My “genius” is a good brain, a childhood calm and supported enough for me to play and go to school, lots of reading, and super-wordy higher education.  Which I then used and abused by writing a lot of stuff for a long, long time. So my “genius” is not very complicated to understand. I’m good at what I wanted to do and have done. 

I read an acerbic remark that Annie Dillard once made. (Dillard is one of my most favorite writers; she’s an amazing writer.)

She said she heard of a general retiring from the military to, he said, “take up a little writing”.

To which she replied that when she retired from writing, she might take up a little "general-ing.”

It’s kind of interesting - and humbling - to consider what one has become a genius of. Such as: In addition to writing, I’m really good at clearing a messy kitchen well and fast, baking, walking (I’m an ace walker), and reading. I suck at knitting, crocheting, and creating small delicate things. It’s good I don’t moonlight as a surgeon.

So did I define genius? Probably not.

But I did find this awesome quote. It’s attributed to Albert Einstein except the Quote Attribution site says that’s wrong and is probably from a self-help book in the early 2000’s.  https://quoteinvestigator.com/

“Everybody is a genius. But if you judge a fish by its ability to climb a tree, it will live its whole like believing that it is stupid.”

If anyone is still reading, I think it would be marvelous if you responded to this essay with your own list of abilities that have become, through your life, your genius.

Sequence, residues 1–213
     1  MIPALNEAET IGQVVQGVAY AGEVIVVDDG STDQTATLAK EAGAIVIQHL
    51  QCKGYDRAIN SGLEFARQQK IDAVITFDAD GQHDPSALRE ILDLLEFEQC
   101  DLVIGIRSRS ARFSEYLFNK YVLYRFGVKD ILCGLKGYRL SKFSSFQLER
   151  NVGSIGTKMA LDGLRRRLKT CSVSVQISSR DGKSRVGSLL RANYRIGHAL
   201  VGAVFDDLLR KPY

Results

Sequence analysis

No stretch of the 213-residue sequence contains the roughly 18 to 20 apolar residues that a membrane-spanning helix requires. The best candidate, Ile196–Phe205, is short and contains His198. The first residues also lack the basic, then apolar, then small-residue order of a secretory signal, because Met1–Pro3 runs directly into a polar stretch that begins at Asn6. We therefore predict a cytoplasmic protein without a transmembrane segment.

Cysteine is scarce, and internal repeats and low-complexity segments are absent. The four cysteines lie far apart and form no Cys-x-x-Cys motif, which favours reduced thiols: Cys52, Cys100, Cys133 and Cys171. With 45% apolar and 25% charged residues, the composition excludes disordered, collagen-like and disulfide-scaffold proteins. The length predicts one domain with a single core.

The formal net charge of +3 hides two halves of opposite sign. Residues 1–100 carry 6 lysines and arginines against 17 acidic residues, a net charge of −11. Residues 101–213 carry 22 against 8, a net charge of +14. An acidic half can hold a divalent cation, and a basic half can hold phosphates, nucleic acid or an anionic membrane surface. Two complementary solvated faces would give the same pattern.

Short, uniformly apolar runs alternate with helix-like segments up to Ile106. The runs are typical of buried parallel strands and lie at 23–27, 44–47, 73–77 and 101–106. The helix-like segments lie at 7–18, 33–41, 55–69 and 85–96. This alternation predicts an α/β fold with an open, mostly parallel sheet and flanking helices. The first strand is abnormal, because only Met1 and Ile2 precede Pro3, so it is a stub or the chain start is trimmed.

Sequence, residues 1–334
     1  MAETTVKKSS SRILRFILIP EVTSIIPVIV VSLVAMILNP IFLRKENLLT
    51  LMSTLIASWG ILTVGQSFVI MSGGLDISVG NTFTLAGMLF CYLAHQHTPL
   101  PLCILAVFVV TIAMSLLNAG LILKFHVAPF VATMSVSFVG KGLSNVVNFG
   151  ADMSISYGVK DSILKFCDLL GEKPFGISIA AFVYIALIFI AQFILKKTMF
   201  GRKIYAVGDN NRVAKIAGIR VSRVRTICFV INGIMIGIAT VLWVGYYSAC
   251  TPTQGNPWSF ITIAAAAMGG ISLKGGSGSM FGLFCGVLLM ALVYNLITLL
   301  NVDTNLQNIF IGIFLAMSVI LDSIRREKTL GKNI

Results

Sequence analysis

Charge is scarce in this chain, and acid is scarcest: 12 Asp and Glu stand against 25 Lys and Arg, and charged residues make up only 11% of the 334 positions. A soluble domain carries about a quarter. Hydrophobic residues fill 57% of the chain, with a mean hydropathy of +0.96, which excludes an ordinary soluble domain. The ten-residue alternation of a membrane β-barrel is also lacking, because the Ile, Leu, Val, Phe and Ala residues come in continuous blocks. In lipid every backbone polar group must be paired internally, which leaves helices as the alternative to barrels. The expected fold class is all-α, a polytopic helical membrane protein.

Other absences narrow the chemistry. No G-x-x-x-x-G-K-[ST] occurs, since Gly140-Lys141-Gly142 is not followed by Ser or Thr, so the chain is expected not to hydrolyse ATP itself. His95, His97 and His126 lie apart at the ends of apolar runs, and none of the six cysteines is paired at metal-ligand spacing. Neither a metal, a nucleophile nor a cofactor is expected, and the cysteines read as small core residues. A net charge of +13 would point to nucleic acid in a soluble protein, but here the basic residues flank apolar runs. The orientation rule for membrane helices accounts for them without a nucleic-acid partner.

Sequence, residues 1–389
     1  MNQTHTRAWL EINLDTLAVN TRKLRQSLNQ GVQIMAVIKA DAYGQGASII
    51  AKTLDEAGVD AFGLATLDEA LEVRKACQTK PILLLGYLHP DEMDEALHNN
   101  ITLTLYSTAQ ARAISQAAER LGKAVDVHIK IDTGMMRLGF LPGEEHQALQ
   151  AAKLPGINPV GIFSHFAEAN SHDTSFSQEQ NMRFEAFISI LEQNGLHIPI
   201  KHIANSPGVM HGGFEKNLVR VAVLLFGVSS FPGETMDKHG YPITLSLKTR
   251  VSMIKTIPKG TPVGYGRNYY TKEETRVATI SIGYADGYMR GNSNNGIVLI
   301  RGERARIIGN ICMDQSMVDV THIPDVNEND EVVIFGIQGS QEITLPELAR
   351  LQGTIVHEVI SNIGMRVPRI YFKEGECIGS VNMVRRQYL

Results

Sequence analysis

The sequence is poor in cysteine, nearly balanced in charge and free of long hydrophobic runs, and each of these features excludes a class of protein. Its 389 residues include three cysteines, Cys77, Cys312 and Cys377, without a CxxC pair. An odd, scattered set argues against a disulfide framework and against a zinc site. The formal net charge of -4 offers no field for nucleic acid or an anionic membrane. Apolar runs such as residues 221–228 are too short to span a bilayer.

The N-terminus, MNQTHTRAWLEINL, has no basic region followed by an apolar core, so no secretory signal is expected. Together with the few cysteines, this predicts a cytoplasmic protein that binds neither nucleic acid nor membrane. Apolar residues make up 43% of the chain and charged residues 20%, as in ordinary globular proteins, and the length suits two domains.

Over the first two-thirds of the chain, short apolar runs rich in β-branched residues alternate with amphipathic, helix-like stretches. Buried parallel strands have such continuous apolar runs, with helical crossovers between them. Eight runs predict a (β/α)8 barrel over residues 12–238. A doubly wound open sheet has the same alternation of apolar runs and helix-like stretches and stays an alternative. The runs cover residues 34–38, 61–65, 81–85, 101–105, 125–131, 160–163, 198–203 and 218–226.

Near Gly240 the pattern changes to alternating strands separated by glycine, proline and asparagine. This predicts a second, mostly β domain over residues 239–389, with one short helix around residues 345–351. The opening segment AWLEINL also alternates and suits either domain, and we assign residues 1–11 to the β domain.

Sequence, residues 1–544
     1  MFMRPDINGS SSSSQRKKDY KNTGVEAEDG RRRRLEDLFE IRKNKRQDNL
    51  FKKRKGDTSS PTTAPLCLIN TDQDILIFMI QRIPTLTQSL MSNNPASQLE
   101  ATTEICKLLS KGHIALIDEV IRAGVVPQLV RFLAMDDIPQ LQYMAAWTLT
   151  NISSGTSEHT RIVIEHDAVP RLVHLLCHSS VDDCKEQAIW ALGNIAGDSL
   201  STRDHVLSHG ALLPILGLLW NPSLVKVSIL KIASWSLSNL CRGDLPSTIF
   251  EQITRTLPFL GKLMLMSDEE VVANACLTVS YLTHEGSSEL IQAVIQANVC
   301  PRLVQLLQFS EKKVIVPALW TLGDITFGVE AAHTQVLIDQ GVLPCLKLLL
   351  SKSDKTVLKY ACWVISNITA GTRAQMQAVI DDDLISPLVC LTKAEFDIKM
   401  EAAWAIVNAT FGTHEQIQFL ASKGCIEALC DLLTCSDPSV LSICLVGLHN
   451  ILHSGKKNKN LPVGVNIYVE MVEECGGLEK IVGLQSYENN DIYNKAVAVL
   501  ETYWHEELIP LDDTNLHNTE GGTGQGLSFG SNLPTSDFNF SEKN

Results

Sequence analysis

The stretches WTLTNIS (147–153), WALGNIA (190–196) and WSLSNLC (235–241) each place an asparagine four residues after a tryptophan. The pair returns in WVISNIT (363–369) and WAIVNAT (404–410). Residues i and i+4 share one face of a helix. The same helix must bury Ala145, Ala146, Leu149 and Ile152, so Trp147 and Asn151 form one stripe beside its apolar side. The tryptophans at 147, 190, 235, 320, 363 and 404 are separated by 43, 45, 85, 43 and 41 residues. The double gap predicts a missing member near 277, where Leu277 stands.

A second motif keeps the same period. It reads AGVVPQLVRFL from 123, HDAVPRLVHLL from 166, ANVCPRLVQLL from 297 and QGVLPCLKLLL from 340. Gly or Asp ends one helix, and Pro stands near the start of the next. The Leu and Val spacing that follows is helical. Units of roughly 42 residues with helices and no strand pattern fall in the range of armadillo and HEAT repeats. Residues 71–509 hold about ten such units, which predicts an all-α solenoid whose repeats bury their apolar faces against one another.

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Comments

Recently watched a mini-series on Bill Gates ("Inside Bill's Brain") on Netflix -- it was in some ways a puff piece, but also very revealing.. I guess he is a very smart person and likely someone who would qualify as a genius -- he devours so much knowledge on so many subjects and connects it together in amazing and admirable ways. He has a complicated ethical perspective which seems to be evolving into an admirable life. Zuck strikes me as a very talented huckster whose ethics are highly questionable, well beyond confused. I don't think being a super-slick-salesman qualifies one as a genius. So that's my 2 cents. :)

I am very good at organization: paperwork, bill paying, planning. And, I have common sense, which I believe takes a certain genius. I am however, a complete luddite. Technology, blah! I recently; yes recently, learned to "cut and paste." I am 58. I believe that act alone should qualify me as genius. :) Patricia/Fl